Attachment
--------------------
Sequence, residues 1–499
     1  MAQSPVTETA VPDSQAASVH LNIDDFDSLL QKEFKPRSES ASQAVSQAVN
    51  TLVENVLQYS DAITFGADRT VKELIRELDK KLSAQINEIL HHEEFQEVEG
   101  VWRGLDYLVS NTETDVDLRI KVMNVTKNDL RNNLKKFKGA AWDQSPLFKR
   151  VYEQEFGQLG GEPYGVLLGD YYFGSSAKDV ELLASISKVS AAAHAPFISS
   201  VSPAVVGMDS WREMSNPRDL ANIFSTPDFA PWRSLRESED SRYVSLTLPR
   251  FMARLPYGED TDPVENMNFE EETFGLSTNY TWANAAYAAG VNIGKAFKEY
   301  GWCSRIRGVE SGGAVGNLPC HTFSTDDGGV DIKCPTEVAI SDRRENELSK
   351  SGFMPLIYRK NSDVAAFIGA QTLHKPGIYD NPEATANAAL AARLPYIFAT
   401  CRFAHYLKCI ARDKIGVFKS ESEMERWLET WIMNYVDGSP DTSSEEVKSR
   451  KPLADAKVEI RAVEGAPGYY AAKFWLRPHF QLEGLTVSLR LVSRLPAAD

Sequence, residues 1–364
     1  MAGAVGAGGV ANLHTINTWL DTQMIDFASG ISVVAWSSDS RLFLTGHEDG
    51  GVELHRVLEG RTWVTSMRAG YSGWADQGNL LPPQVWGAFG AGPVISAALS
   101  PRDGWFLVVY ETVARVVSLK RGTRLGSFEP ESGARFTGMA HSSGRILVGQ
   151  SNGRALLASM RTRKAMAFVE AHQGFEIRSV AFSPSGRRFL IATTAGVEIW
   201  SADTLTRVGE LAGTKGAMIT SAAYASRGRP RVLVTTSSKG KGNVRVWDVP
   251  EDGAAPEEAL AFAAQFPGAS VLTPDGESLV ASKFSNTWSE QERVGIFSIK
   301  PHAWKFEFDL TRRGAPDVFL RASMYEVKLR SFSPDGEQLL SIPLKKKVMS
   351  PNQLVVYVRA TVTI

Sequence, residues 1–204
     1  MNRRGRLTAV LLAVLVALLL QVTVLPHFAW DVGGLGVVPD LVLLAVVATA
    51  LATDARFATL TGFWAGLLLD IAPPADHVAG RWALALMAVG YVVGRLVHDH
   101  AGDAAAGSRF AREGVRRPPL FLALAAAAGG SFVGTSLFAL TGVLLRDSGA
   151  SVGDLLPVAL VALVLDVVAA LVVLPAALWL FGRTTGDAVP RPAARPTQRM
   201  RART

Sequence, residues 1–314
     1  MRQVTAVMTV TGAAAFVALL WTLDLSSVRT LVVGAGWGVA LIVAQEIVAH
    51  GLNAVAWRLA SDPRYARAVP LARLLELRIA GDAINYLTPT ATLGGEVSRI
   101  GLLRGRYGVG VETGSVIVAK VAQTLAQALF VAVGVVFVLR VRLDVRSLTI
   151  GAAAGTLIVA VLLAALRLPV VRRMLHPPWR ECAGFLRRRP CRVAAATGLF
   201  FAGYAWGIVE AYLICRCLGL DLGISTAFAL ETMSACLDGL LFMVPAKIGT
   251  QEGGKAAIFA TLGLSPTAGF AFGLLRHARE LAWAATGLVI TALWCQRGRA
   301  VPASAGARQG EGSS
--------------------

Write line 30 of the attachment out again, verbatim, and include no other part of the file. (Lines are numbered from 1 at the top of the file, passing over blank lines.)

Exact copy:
   101  GLLRGRYGVG VETGSVIVAK VAQTLAQALF VAVGVVFVLR VRLDVRSLTI